William Franklin’s grandma was a babe.
So pretty was Marjorie Anderson, born Marjorie Morrow, that she posed nude for a local artist.
The year was 1941. She was 19.
“I can see that — I can definitely see that,” says Franklin. “She had a bit of a fun side to her. She was a modern girl even though her father was a preacher.”
This is more than a fun story, though. It’s a bit of Tulsa history that was never made — a story worth telling on the weekend the city will celebrate the 50th anniversary of the Golden Driller at Expo Square.
Because, according to Franklin, it was a 40-foot-high statue of his young, naked grandmother called the Goddess of Oil that was supposed to be placed in front of the International Petroleum Exposition building at Expo Square, where the Golden Driller now stands, in 1941.
Anderson, who had just graduated from Central High School, answered an ad for a model and got the job. The artist was Clarence Allen.
“During that time period, they (Tulsans) wanted to be very European, very cosmopolitan, a sophisticated city” Franklin said. “To put a 40-foot nude statue up would have been no problem, but today it would probably have been a big controversy.”
Anderson used the money she made modeling for Allen to pay for art lessons. But plans to build the statue got derailed when America entered World War II.
Franklin and his family didn’t know about grandma’s modeling days until later in her life, when Anderson unveiled Allen’s 4-foot-tall version of the statue at one of her art shows.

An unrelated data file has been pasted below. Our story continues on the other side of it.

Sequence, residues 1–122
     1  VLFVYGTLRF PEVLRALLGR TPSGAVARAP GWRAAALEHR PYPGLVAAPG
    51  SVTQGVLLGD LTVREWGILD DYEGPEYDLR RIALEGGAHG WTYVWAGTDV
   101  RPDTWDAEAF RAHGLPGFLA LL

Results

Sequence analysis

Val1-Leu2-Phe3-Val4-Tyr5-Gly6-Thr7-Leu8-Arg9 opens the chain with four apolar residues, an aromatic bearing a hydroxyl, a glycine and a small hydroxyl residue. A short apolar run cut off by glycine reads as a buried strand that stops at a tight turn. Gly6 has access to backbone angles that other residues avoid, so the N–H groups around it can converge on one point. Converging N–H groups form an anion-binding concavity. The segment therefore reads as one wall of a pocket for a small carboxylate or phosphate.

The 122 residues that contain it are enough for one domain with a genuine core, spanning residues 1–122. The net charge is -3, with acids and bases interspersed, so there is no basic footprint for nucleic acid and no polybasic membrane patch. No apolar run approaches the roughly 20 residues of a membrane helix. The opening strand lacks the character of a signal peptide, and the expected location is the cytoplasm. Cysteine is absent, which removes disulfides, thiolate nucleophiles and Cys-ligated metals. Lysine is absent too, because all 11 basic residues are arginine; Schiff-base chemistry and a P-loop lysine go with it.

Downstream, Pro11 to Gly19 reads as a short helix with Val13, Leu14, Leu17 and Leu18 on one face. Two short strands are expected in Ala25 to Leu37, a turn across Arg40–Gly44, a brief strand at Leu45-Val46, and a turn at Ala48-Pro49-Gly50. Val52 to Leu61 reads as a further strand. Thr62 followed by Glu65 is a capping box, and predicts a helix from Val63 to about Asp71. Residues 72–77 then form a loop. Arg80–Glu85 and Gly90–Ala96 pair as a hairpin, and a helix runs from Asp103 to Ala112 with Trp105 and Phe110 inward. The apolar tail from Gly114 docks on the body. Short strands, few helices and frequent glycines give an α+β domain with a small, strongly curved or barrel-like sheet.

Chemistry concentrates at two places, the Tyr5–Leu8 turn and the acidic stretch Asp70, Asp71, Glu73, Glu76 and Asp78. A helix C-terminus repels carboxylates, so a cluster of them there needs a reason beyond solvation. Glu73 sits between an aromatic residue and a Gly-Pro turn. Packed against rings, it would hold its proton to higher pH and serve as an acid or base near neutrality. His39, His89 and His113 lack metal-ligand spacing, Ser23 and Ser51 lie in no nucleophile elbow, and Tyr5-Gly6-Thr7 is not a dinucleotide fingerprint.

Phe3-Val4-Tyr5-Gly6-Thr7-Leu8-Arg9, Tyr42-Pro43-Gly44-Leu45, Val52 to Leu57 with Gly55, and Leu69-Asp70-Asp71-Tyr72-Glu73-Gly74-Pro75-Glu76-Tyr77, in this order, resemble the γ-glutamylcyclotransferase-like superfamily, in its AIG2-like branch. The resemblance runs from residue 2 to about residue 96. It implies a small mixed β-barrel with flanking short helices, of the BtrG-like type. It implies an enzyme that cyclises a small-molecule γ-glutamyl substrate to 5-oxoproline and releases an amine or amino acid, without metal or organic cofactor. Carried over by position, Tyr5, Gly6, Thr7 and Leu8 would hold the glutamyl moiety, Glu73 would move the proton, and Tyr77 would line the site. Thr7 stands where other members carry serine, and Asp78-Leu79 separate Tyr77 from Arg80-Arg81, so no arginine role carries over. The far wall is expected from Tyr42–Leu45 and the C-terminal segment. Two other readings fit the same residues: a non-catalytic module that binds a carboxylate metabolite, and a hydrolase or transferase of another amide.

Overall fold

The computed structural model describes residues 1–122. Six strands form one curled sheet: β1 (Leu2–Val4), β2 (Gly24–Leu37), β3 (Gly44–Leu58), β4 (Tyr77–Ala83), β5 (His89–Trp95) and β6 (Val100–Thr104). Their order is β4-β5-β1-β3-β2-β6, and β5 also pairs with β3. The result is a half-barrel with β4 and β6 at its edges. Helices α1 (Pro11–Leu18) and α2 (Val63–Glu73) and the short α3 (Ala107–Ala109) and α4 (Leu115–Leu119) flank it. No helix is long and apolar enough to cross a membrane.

Franklin believes his grandmother eventually gave the statue to him because he had grown up to be an artist, just like her.
“I guess she wanted to express how she was,” Franklin said. “And like I said, she could see I was moving on in my career and doing different things, and … as an artist, she wanted to pass on that gift.”
He can’t get through the story without choking up. But it also cracks him up: Grandma the nude model.
“She was very modern and dressed very classy,” Franklin says. “She was beautiful, a stunner.”
Marjorie Morrow Anderson died on July 7, 2008, at the age of 86.
“The first thing (when) I think of her is, she travelled a lot,” Franklin says. “She’d go to Europe, she was always travelling around the world. … Some of my favorite memories are, every Christmas she’d have some present from somewhere else in the world.”
Franklin, owner of Decopolis, 502 S. Boston Ave., and the founder of the Tulsa Art Deco Museum, would like to see a larger version of the Goddess of Oil statue built someday, perhaps in front of a new Art Deco Museum building.
But don’t misunderstand: He’s a big Golden Driller fan. He plans to be at the citywide party at Expo Square on Saturday.
“Just as an artist and a Tulsa person who wants to celebrate all things Tulsa,” Franklin says.
The event begins at 7 p.m under a tent at the feet of the Golden Driller. Admission is $50, with all proceeds going to the United Way.
The band Midlife Crisis will begin performing at 7:30. The three winners of the Golden Driller costume contest will receive a Golden Driller painting from Franklin and passes to Safari Joe’s water park.
The price of admission includes a commemorative T-shirt for the first 200 people and a commemorative ticket, two beer tickets and food. The Golden Driller will be lit up at 8:30.
An area will be set aside for individuals who do not want to pay the admission fee but would like to see the Golden Driller lit up.
Tickets can be purchased at the event or online at www.thegoldendriller.com